Date: Thu, 24 Oct 2002 16:32:25 -0500
Reply-To: "Weeks, Kyle" <email@example.com>
Sender: "SPSSX(r) Discussion" <SPSSX-L@LISTSERV.UGA.EDU>
From: "Weeks, Kyle" <firstname.lastname@example.org>
Subject: SPSS and the FDA
Content-Type: text/plain; charset="US-ASCII"
> Recently some questions have surfaced about whether or not SPSS can be used to make submissions to the FDA. The answer is yes.
> In the past there was a line in the FDA Guidelines that said that the FDA wanted a certain type of measure in 'SAS or similar' format and people took that as an endorsement of SAS. The FDA agreed to remove the reference to SAS because it was an issue in terms of restraint of trade. FDA guidelines still require certain analyses to be done but the document does not require one to use SAS to produce those analyses. (For example, some situations might require the use of Type IV sums of squares, which SPSS will also produce.)
> The FDA page referenced recently in a list discussion (http://www.fda.gov/cder/guidance/2867fnl.pdf) refers specifically to electronic submissions and archiving of data; it has nothing to do with the statistical analyses performed. However, when submitting applications entirely by electronic means, the FDA requires that the data be submitted as a SAS Transport file. This capability was added to SPSS for release 11.5.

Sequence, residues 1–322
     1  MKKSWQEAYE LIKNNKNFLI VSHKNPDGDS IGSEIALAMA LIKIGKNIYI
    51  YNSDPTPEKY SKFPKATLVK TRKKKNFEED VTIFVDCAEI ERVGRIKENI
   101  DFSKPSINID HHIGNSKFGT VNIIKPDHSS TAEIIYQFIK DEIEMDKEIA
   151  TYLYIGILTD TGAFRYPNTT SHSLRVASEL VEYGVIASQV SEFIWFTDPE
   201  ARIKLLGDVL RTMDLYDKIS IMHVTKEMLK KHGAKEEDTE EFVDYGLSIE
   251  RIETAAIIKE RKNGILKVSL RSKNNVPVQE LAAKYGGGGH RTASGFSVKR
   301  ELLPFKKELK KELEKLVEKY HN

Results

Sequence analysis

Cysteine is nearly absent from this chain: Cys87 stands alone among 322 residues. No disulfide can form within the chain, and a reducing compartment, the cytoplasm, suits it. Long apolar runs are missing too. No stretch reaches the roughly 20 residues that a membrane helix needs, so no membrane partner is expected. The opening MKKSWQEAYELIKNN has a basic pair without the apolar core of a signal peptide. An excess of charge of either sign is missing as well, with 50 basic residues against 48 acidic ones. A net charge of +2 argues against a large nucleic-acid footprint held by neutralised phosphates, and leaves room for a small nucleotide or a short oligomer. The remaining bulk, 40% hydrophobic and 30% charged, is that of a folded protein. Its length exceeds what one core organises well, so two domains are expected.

> To further clarify the fact that different packages may be used to analyze data for FDA submissions, electronic or paper, note that after stating that only SAS Transport files may be electronically archived, the document referenced above explicitly states (Section IV.A.2): "We use a variety of software tools to analyze the datasets."
> Kyle Weeks, Ph.D.
> Senior Product Manager, Product Management and Marketing
> SPSS Business Intelligence division
> Phone: 1.312.651.3645 / Fax: 1.312.651.3690
> SPSS Inc., 233 S. Wacker, 11th Floor, Chicago, IL 60606 USA
> SPSS Business Intelligence division helps people solve business problems using statistics and data mining.